NASA's Asteroid Sample Appears to Have Originated on Ocean World
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Scientists analyzing the samples brought back from the asteroid Bennu by NASA's OSIRIS-REx spacecraft have found evidence of carbon and water, which are considered the building blocks of life on Earth. The team lead behind the mission, Dante Lauretta, suggests that Bennu may have been part of an ancient ocean world billions of years ago. Lauretta's hypothesis is based on the presence of a rare calcium and magnesium-rich phosphate in Bennu's thin and bright crust, similar to material found on Saturn's moon Enceladus, which is believed to have a vast reservoir of liquid water beneath its icy shell. Other experts are tentatively agreeing with Lauretta's hypothesis.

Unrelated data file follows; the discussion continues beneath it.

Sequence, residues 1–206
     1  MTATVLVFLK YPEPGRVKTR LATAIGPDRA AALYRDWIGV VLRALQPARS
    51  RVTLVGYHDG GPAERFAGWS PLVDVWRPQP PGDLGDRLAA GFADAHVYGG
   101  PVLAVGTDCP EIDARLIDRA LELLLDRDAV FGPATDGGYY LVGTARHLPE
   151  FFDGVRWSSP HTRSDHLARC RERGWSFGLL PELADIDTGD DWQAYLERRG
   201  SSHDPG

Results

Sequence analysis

"My working hypothesis is that this was an ancient ocean world," principal investigator Dante Lauretta, a planetary science professor at the University of Arizona, told New Scientist.
NASA's OSIRIS-REx mission to collect samples from the asteroid Bennu has been a success, exceeding NASA's original goal of 60 grams of samples. Lauretta's latest hypothesis about Bennu's past is based on unpublished results of a recent analysis. The similarities between the mineralogy of Bennu and Enceladus support the notion that Bennu may have been part of a larger space rock that resembled Enceladus. University of Washington postdoctoral researcher Fabian Klenner agrees with the hypothesis, highlighting the similarities between Bennu and Enceladus.
"There are indeed similarities between the mineralogy of Bennu and what has been found on Enceladus," University of Washington postdoctoral researcher Fabian Klenner told New Scientist.
Read at Futurism
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